Conspiracy to Traffic in Cocaine -- Merger with Substantive Crime. James Marion Moser was charged with two counts of selling and possessing cocaine and one count of conspiracy to traffic in cocaine Count I alleged the distribution of cocaine on July 8, 1984. Count II alleged trafficking in cocaine by possessing a stated quantity with intent to distribute on July 17, 1984. Count III alleged a conspiracy to traffic by selling cocaine between July 8 and July 20, 1984, said criminal agreement being manifested by nine enumerated overt acts most of which occurred in Forsyth County. The first overt act was the delivery of the cocaine alleged in Count I to undercover agents in Forsyth County. The second overt act was the delivery of cocaine to undercover agents in Forsyth County on July 17, 1984. These were the two sales and deliveries alleged in Counts I and II. (These two offenses were nol prossed and never tried.) The remainder of the overt acts related to certain activities between the alleged conspirators and undercover agents occurring on July 19 in Forsyth County culminating in the attempted sale (by delivery) and confiscation (before completion by payment) of the cocaine in Dawson County by the undercover purchasers on the morning hours of July 20, 1984.
Moser moved to dismiss the conspiracy count on the ground that the object of the conspiracy (the sale and distribution, i.e., trafficking in cocaine) was sought ultimately to be effectuated in Dawson County rather than in Forsyth County where trial of the conspiracy charge was to take place. It is admitted that all the overt acts leading up to the distribution of the cocaine took place in Forsyth County. But Moser argues that the attempted completion of the object of the conspiracy caused the conspiracy to merge with the completed act and in effect disappear as a chargeable crime. Inasmuch as the incomplete sale occurred in Dawson County, Moser complained before the trial court and now before this court that the only jurisdiction for the crime lay in Dawson County. See Meyers v. State, 174 Ga. App. 161
, 164 (329 SE2d 293
); Rowe v. State, 166 Ga. App. 836
, 838 (305 SE2d 624
). The asserted lack of venue and the failure of the trial court so to rule is the sole enumeration of error. Held:
The cases giving apparent support to the dictum in Meyers v. State, supra, and which likewise seem to support the argument advanced by Moser, have in reality never directly reached the conclusion drawn by Moser. In Kilgore v. State, 251 Ga. 291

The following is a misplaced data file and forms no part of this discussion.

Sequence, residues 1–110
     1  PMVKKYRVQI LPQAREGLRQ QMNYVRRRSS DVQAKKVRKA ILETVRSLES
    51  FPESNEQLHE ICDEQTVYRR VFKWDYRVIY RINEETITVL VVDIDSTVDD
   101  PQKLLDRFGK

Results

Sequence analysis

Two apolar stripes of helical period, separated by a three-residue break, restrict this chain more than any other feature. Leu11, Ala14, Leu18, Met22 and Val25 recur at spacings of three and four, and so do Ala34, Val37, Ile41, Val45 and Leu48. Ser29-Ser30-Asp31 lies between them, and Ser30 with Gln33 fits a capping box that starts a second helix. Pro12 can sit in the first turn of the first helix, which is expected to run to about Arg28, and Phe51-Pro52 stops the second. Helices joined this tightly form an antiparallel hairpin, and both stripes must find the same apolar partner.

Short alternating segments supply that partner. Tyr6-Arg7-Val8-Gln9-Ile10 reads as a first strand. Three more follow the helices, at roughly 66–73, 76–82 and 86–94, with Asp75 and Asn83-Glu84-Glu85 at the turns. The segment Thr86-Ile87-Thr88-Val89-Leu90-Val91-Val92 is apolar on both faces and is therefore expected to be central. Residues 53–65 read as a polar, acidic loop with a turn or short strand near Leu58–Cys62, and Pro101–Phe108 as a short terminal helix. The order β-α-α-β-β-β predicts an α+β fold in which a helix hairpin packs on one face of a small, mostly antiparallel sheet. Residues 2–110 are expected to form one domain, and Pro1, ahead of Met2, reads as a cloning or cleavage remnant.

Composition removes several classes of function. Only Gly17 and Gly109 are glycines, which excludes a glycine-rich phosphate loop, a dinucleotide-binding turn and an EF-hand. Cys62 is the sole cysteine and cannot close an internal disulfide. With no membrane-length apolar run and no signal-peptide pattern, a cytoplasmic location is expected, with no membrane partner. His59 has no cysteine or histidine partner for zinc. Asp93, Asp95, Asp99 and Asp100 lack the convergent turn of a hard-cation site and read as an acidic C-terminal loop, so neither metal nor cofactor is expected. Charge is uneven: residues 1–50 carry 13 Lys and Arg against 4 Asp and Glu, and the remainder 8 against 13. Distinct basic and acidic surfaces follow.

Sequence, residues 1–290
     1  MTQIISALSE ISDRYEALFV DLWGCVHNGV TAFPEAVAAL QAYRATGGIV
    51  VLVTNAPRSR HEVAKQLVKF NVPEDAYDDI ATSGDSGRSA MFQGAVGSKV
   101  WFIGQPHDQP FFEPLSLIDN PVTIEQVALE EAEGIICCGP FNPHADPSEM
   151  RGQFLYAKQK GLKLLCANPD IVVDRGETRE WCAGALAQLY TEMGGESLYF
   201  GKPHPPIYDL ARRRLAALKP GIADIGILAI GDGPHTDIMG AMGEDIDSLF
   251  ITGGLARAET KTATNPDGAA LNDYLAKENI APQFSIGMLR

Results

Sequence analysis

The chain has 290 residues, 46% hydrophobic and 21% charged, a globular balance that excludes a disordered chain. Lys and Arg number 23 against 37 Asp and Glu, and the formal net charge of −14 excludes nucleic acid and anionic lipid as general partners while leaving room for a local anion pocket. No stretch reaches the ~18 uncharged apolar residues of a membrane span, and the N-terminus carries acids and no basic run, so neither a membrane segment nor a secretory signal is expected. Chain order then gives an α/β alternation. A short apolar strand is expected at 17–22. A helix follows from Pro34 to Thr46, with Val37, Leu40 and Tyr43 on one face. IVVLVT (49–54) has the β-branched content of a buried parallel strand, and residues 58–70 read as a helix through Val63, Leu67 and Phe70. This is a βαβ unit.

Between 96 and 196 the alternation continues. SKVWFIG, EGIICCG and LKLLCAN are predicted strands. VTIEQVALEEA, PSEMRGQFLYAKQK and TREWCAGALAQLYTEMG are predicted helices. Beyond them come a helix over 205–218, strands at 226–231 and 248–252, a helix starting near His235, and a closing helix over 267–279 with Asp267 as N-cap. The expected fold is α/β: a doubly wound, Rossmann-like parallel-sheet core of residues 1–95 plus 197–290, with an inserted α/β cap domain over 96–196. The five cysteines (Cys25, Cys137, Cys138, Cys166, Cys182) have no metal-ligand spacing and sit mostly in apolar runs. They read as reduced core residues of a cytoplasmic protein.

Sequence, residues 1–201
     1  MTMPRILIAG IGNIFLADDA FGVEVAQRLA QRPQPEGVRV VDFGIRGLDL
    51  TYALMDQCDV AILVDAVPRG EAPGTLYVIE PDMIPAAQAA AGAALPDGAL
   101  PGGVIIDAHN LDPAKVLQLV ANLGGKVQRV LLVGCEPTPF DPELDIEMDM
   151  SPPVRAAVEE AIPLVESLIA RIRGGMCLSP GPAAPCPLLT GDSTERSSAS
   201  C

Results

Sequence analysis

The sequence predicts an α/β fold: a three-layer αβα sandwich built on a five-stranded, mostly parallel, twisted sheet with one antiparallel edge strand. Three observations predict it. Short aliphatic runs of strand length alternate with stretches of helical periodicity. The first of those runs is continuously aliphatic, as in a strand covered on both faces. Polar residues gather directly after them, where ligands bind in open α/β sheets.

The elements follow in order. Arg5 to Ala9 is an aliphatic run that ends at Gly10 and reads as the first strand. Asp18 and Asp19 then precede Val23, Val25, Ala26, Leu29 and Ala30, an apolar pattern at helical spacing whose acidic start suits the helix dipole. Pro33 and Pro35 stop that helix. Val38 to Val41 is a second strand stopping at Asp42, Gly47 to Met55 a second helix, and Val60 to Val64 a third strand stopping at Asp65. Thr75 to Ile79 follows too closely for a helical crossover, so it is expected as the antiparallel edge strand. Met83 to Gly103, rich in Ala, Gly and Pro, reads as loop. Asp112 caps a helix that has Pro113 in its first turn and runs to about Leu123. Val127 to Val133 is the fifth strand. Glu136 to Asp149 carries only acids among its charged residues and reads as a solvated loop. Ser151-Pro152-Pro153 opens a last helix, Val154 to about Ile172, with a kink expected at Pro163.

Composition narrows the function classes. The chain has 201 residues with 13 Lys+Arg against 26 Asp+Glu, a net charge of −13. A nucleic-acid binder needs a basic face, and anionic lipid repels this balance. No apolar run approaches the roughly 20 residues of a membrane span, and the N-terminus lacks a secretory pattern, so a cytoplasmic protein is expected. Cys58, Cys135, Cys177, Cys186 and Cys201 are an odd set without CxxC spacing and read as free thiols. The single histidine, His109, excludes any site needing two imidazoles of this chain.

, 295 (1) (c) (305 SE2d 82
), the Supreme Court stated: "In fact, Kilgore could not have been tried for conspiracy since the object of the conspiracy was completed." In support of that statement, the Supreme Court cited two of its earlier cases, Roberts v. State, 242 Ga. 634 (250 SE2d 482)
and Scott v. State, 229 Ga. 541
(192 SE2d 367
). Kilgore was charged with and convicted of the murder of one Norman. There was evidence of a conspiracy between three men to kill Norman in that three separate attempts to kill Norman were made with the last being successful. Kilgore argued that the state had to rely on a theory of conspiracy for the evidence pointing to his direct action was insufficient to support a conviction of murder. The Supreme Court rejected the insufficiency argument and in dicta concluded that Kilgore could not have been convicted of a conspiracy charge in view of the commission (and conviction) of the object of the conspiracy, murder. The court also observed that evidence of a conspiracy was admissible and the proper subject of a charge because that was the vehicle used by the state to show Kilgore's connection to the homicide under the law of principals. It would appear therefore that the court in its dictum may have used inadvertently an unfortunate choice of words. Perhaps the Supreme Court intended to say that Kilgore could not have been convicted of conspiracy inasmuch as he had been charged with and convicted of the object of the conspiracy, the crime of murder. Thus as the object of the conspiracy had been consummated and Kilgore convicted of that substantive crime, he could not be convicted of a conspiracy to commit that crime inasmuch as the lesser crime of conspiracy had merged into the completed crime.
A reconciliation of the cases leading up to Kilgore both in the supreme Court and this court makes this observation more substantial. Prior to the enactment of Code Ann. 26-3201 (now OCGA 16-4-8
) in 1968, there was no separate substantive crime of conspiracy in Georgia. After that statute was enacted, the Supreme Court was faced with the question of whether this state would follow the federal rule that conspiracy and the object of the conspiracy are both separately chargeable substantive offenses, the punishable gravamen of the conspiracy being a criminal mind bent on mischief, the gravamen of the object of the conspiracy being punishable as the criminal act itself. Thus, as the gravamen were separate, each could be charged and if convicted, punished separately.
In addressing this question and related questions, the Supreme Court has stated that it appears to have been the intent of the legislature to make conspiracy itself a separate crime only in cases when the crime conspired to be committed had not in fact been committed ( Scott v. State, supra) or in other words where the conspiracy had in effect been nipped in the bud. This rule, therefore, apparently should lie within the realm of double jeopardy.
Examining the cases in which the above mentioned language has been used, we observe the following. In the seminal case, Dutton v. State, 228 Ga. 850 (188 SE2d 794)